Highlighting the second series of Oakland All-American Six models were new body designs with higher hood lines and belt lines, lower rooflines and wider fenders.
A unique horseshoe-shaped radiator shell was split by a vertical center bar. The attractive hood had five sets of vertical louvers. A single belt molding extended entirely around the bodies from the radiator.
All models except the roadster and phaeton, which were built by Stewart, had Fisher bodies. Standard features included a cadet visor, an automatic windshield wiper, and a rearview mirror.
Oakland second edition/1929 Model 212 production (Sept. 24, 1928, to Oct. 9, 1929) totaled 50,693 cars.
ENGINE: L-head six-cylinder. Bore & stroke: 3-3/8 x 4-1/4 in. Displacement: 228 cid. Horsepower: 68 at 3000 rpm. Water-cooled. TECHNICAL: Four-point rubber engine mountings; frame cross members beefed up to accommodate weightier bodies.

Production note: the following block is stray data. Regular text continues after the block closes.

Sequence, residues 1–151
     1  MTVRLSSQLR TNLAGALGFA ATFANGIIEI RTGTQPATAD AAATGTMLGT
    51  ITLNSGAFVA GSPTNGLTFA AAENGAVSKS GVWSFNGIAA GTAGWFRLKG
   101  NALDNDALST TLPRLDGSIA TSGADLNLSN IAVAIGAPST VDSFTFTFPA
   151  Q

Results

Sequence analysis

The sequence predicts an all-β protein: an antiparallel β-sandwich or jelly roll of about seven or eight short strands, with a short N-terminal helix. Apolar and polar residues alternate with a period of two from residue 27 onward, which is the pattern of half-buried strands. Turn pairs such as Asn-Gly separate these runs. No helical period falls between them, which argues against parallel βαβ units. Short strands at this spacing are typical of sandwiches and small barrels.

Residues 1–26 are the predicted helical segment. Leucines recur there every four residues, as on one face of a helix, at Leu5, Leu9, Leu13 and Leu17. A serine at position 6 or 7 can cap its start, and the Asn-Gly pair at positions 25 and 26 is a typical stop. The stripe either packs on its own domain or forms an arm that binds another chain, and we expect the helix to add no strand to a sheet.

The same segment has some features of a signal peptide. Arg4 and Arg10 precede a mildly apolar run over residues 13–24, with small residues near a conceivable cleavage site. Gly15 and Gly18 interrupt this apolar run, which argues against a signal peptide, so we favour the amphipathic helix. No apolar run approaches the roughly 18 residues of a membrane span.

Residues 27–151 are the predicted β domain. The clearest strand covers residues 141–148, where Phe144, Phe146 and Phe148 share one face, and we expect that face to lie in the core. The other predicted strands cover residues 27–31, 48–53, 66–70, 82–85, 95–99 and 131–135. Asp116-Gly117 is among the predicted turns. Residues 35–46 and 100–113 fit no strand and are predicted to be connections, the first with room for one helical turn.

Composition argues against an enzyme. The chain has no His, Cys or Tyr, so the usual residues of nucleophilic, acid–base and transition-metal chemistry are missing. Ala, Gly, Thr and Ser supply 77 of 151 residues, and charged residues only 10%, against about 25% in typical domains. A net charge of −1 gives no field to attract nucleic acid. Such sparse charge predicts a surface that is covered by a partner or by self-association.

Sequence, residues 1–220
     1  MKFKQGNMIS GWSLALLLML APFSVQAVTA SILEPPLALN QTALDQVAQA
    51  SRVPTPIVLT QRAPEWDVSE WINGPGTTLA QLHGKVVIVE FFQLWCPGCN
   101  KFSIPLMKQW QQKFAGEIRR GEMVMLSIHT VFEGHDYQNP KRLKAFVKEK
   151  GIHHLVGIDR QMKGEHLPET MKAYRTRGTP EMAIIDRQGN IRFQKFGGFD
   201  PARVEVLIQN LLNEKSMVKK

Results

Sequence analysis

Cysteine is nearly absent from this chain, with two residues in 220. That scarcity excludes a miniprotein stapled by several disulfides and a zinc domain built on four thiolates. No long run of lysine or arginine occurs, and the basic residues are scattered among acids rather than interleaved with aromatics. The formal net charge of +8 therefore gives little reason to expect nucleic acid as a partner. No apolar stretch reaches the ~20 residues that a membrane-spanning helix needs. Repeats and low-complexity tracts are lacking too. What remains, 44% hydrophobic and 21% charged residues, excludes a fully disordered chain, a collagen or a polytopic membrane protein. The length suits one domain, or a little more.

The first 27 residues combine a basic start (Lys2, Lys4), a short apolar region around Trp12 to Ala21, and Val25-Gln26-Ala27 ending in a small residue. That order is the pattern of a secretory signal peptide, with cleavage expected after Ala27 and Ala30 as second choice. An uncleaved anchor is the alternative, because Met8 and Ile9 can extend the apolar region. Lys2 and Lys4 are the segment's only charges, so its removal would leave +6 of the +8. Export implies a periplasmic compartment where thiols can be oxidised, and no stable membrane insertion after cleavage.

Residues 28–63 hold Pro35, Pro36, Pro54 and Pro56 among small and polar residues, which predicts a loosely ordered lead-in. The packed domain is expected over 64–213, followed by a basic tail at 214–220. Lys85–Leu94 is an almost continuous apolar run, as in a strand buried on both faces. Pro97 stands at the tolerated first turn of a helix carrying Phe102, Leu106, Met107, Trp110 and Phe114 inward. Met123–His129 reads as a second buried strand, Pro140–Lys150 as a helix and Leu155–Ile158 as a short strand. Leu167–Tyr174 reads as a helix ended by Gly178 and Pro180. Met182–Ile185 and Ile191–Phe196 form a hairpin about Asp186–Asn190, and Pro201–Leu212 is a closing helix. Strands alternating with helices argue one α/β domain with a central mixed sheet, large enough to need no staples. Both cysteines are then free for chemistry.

CHASSIS: Wheelbase: 117 in. Brakes: Midland Steeldraulic four-wheel brakes. Final gear ratio: From 4.42:1 to 4.73:1.
OPTIONS: Lovejoy shock absorbers. Six wire wheels with wide-faced hubcaps. Chrome-plated sidemount clamps. Tire cover for rear-mounted spare.
HISTORICAL: On Jan. 24, 1929, Oakland chief engineer Ben Anibal filed U.S. patent number 1897783 for his V-design, eight-cylinder engine that would become the 1930-31 Oakland engine. On March 8, 1929, the one-millionth Oakland was built. At the conclusion of 1929, Oakland ranked 21st in industry sales among 33 automakers.
POWER - CONTROL - PERFOMANCE
|- 1145 $ (1929) - $27,500 (Las Vegas 2012)||- L-head six-cylinder - 3736 cm3.|
|- Natural||- 68 HP|
|- 3010 kg||- 3 speed Manual|
|-||- 62 mph|
|- Midland Steeldraulic four-wheel brakes.||-|